For the past four years As You Sow has issued this report highlighting the 100 most overpaid CEOs among the 500 companies in the S&P500 index. The report’s prime focus is shareholder votes on these pay packages, particularly the votes of large financial managers, mutual funds, and pension funds.
CEO compensation as it is currently structured in the United States does not provoke positive economic outcomes like sustainable company growth. Instead it incentivizes focus on numeric goals that can be easily financially engineered. Many of the metrics that drive CEO pay are short-term and provoke decisions with negative long-term impact; underinvestment in research and development and choices that have long-term negative environmental impact. High CEO pay over-emphasizes the impact of a single individual at a company, rather than rewarding the work of the many company employees. It raises economic inequality to such a level that it becomes increasingly incompatible with a well-functioning economic system.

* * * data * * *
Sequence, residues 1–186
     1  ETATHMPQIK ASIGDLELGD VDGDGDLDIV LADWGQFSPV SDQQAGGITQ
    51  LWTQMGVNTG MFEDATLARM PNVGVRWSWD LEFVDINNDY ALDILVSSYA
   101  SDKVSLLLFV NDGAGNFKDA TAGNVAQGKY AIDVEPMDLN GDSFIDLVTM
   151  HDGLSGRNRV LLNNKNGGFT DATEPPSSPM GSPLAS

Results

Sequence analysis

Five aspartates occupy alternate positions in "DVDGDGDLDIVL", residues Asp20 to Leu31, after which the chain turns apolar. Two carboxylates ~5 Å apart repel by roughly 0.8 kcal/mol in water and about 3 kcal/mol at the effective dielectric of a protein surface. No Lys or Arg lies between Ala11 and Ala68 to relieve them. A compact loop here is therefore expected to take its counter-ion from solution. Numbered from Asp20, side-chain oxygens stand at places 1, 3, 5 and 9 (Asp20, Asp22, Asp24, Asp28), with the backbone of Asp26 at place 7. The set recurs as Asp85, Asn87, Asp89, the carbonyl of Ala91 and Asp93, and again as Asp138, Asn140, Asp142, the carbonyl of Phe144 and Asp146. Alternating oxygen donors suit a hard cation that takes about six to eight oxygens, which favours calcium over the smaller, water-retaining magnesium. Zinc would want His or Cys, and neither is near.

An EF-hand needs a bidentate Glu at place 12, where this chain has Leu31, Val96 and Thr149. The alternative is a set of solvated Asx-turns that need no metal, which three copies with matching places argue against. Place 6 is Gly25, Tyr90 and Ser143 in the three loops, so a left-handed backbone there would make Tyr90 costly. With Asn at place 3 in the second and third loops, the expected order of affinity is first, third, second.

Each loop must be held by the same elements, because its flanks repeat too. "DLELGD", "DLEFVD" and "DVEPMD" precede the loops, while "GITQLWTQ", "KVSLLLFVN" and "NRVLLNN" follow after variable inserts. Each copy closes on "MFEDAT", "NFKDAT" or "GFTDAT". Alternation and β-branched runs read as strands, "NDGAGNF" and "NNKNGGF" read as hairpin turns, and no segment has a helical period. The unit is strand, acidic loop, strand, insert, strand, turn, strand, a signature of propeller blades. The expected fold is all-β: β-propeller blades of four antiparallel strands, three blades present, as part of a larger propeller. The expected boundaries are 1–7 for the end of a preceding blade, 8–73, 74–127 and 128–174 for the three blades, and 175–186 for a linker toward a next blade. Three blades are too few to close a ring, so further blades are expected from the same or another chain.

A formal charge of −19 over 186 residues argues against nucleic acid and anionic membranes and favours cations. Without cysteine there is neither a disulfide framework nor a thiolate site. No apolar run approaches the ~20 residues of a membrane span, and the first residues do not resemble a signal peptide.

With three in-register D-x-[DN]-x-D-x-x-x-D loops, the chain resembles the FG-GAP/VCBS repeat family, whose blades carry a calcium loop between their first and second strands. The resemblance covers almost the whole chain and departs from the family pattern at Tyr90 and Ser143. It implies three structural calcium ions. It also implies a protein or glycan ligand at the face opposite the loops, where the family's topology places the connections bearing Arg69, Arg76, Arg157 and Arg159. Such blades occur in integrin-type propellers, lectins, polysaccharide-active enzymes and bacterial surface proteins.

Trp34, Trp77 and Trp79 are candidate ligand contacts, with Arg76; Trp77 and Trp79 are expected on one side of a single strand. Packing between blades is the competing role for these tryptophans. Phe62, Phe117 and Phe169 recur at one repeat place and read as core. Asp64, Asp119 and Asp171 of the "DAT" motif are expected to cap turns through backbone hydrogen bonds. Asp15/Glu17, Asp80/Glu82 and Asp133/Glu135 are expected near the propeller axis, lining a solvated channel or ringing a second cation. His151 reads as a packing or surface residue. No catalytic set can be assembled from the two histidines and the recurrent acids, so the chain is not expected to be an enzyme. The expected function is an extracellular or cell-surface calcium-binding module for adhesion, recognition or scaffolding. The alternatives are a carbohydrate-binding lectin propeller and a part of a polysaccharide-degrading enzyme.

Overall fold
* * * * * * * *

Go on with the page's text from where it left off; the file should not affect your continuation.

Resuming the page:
Manfred F. R. Kets de Vriescalls, of INSEAD -- a graduate business school with campuses in Europe, Asia and the Middle East -- wrote recently that inflated CEO pay is “a sign of impending rot.”
Overpaying the CEO of a company can lead many people to make the false assumption that such compensation is "earned" and justified. It is not. Indeed, the average corporation in its annual proxy statement devotes about ten thousand words to justify those large payments to their CEOs, often rationalizing those large payments by calling them "performance" based and market rate (citing as peers only overpaid CEOs).
Shareholder votes on CEO pay packages provide a critical and underutilized tool for restraining the worst excesses.
This report seeks to identify which financial managers are exercising their fiduciary responsibility and voting against these excessive payments. And conversely, which ones are simply rubber stamping their approval to ever-increasing CEO pay in company after company.